Info

Talking Out Your Glass podcast

As editor of Glass Art magazine from 1987 to March 2019, Shawn Waggoner has interviewed and written about multitudes of the world’s greatest artists working glass in the furnace, torch, and on the table. Rated in iTunes News and Noteworthy in 2018, Talking Out Your Glass continues to evolve, including interviews with the nation’s finest borosilicate artists making both pipes and sculpture on the torch. Other current topics include how to work glass using sustainable practices and how artists address the topics of our times such as climate change, the political chasm, and life in the age of technology.
RSS Feed Subscribe in Apple Podcasts
Talking Out Your Glass podcast
2022
June
May
April
March
February
January


2021
December
November
October
September
August
July
June
May
April
March
February
January


2020
December
November
October
September
August
July
June
May
April
March
February
January


2019
December
November
October
September
August
July
June
May
April
March
February
January


2018
December
November
October
September
August
July
June
May
April
March
February
January


2017
December
November
October
September
August
July
June
May
April
March
February
January


2016
December
November
October
September
August
July
June
May
April


Categories

All Episodes
Archives
Categories
Now displaying: Page 1

Your Podcast Source for Interviews and Information on

Hot, Warm and Cold Glass!

www.glassartmagazine.com

Dec 10, 2020

Karsten Oaks: Dynamic Symmetry

Using optical crystal, Karsten Oaks cold works sculpture that bends light and color via its unique forms. Often a discernible object appears from a momentary perspective creating a vision that allows the viewer to connect on a more personal level with the piece. This mystery inspires a deeply personal relationship between viewer and object and sets Oaks’ work apart from that of his coldworking contemporaries. 

He says: “When working on the design within the piece I’m using elements of dynamic symmetry such as spirals and ratios. Using different shapes in the sculpture while staying consistent with the proportions I can create a sense of harmony within what would otherwise be a disorganized form. Even after all of the major reductive cuts have been made, I leave some of the design to be laid out when the rest of the piece is almost complete. I feel that this mild sense of chaos through the work’s creation gives each piece its personality and character when it is finished.”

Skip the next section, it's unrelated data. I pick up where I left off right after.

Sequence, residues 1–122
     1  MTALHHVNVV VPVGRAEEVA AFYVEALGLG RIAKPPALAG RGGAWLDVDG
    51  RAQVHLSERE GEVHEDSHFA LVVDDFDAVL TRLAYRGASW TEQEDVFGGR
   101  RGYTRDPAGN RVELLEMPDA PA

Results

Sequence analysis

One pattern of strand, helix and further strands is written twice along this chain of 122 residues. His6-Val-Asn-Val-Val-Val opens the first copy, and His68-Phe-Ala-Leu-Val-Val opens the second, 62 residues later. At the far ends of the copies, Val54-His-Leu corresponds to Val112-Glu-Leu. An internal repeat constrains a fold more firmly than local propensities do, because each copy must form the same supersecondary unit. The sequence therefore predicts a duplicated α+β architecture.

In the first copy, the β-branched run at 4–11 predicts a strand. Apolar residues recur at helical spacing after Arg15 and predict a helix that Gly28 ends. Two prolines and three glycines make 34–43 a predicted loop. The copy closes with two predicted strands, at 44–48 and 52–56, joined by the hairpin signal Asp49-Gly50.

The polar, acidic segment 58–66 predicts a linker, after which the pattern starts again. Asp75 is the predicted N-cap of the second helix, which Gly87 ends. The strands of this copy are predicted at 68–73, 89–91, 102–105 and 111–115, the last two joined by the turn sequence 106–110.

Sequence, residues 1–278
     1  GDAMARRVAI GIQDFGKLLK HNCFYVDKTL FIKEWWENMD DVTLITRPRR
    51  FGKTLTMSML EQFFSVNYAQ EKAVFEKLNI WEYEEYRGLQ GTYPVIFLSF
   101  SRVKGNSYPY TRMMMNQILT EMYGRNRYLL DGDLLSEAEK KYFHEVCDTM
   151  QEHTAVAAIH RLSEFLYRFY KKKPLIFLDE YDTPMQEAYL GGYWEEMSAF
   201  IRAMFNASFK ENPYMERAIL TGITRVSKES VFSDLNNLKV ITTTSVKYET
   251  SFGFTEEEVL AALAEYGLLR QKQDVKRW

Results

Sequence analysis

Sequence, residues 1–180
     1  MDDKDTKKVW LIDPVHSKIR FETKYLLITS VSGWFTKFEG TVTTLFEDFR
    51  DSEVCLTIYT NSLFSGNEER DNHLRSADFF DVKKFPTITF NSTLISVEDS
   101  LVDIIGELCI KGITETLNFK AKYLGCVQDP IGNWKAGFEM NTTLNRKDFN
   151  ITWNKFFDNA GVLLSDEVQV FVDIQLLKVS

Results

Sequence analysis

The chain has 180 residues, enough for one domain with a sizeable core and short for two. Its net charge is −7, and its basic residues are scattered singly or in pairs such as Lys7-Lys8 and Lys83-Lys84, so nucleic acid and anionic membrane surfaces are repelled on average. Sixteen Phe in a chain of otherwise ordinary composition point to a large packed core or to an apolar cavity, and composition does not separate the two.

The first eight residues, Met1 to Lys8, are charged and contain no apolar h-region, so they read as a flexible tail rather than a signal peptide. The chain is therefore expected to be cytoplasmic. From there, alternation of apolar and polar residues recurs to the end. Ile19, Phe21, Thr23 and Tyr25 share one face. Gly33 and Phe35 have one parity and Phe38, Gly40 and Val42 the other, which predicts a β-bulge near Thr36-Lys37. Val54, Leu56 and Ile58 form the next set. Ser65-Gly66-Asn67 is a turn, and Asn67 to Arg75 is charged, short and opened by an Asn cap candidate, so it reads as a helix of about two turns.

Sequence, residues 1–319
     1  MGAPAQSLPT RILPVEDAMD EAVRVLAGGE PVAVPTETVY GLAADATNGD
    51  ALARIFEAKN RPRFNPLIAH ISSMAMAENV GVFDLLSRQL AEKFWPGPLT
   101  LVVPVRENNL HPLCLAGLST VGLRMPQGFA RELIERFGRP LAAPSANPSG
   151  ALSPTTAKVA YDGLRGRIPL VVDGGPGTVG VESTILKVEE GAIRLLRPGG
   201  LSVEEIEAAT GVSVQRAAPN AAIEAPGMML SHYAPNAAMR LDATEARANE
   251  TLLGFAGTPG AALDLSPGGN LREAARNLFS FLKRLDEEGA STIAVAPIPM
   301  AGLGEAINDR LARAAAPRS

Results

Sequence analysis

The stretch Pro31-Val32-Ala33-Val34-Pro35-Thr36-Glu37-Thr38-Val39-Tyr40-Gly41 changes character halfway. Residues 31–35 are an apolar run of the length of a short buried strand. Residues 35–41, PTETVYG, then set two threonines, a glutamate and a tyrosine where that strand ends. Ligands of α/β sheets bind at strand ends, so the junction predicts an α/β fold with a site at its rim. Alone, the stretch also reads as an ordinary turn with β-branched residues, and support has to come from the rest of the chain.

Born and raised in the suburbs of Minneapolis, Oaks took an interest in the arts at an early age. He started playing music when he was 10 years old and went on to play a variety of instruments. As the son of a trained chef, Oaks grew up learning an appreciation of working with his hands in a creative way and enjoys cooking to this day. When he was 16, a friend introduced Oaks to glassblowing as a medium, and he traveled to Tennessee to take his first classes. This sparked the beginning of Oaks’ love of glass as a means to express his artistic vision.

Now one of the most respected and trusted cold workers in the glass sculpture world, Oaks received his BFA at The Appalachian Center for Craft at Tennessee Technical University under the mentorship of Curtiss Brock. There Oaks realized that the necessity of working quickly with glassblowing or hot sculpting did not give him the creative time needed to fully think through his sculptures. After graduating, the artist relocated to Seattle, surrounding himself with leading artists in the field of glass. His first cold working client was Martin Blank, who convinced Oaks that he should open a cold working studio to offer his services to other artists while continuing to formalize what would eventually be his own body of work.

Oaks was cold working for a list of respected artists when he met Lino Tagliapietra and was selected as the only artist to cold work and finish the maestro’s sculptures made in the US. This steady supply of work allowed Oaks to finally open his own studio, and as time permitted, develop his own artistic vision. In September 2014, Bender Gallery, Asheville, North Carolina, began to represent his work at the gallery as well as SOFA Expo Chicago, Art Palm Beach and Wheaton GlassWeekend with great response.